In your home, when you turn on a sink tap, what do you expect to happen? You expect to see fresh water flow from the faucet, of course. This is just a given of everyday modern life, and you probably are surprised that we even asked the question.
But we’re professional plumbers, and it’s our job to help residential customers understand how their plumbing works—and that nothing can be taken for granted. The pipeline that brings water from the municipal system into your home’s plumbing may be in danger of corroding or breaking without you realizing it. The main threat is a pipeline that’s old and made from a material that’s long been outdated.
The Aging Water Pipes of America
We want to warn you about your home’s water line because there’s a good chance that it’s too old. A 2010 report from the National Association of Water Companies and the U.S. Chamber of Commerce found that almost half of the residential water lines in homes are in bad shape due to age. The average age of a broken water line pipe is 47 years, and many water lines are older than this. Find out the age of your water line: if it’s closing in on 45–50 years, consider calling plumbers to replace it.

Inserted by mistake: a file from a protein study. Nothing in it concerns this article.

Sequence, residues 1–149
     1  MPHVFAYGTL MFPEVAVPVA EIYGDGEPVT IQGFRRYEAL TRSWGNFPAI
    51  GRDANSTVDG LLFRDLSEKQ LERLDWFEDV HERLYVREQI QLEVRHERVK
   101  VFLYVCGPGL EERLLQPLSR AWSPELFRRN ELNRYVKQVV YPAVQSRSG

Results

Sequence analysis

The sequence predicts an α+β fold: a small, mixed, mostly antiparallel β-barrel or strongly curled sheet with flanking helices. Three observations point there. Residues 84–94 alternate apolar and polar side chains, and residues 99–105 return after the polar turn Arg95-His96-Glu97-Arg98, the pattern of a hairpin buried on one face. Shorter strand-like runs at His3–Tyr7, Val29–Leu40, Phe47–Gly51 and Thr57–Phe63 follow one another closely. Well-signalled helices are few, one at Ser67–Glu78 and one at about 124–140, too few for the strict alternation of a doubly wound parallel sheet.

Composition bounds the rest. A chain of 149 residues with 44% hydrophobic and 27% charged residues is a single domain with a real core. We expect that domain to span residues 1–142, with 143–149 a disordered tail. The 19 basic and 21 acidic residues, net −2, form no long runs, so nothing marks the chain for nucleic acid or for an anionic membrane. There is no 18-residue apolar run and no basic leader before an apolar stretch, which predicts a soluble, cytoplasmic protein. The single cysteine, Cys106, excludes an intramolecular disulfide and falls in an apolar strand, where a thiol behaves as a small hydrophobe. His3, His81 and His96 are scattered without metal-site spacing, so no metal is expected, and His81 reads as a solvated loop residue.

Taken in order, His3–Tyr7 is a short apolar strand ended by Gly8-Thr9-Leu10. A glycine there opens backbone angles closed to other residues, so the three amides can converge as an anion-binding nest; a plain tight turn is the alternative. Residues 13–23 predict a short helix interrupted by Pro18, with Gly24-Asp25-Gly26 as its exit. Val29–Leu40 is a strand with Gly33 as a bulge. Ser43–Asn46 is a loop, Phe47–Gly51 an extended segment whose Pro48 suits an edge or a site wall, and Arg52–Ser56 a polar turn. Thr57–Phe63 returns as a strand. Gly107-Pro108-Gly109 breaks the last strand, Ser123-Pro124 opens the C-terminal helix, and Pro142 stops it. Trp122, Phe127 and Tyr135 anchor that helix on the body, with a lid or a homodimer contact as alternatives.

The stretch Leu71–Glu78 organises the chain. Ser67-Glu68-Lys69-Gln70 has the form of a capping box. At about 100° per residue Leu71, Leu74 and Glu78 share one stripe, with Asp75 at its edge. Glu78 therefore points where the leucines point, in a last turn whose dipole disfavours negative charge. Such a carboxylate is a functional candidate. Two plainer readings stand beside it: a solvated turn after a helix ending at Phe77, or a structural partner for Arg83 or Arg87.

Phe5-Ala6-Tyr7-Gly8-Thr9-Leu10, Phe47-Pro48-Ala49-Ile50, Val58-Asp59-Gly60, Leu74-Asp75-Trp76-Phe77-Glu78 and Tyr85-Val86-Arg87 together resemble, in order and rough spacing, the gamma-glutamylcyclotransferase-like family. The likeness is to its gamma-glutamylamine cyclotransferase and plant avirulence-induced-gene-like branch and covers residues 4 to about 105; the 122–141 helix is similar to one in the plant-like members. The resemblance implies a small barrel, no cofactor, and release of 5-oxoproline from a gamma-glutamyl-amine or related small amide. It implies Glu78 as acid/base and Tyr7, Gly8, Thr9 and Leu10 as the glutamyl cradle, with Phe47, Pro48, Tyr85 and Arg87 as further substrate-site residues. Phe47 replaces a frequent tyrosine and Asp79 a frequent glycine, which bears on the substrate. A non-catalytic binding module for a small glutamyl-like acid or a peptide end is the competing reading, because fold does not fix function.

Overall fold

The Changing Materials of Water Lines
Water lines have evolved over the years to more durable and corrosion-resistant materials. Right now, copper lines are the most common. But if your home was built before 1980, you may have a water line constructed from clay or galvanized steel. Both are materials that weaken over time, leading to breaks or corrosion. Contact plumbing professionals to find out if you have outdated water line material. If you do, the plumbers will help you with the installation of a new, more durable water line.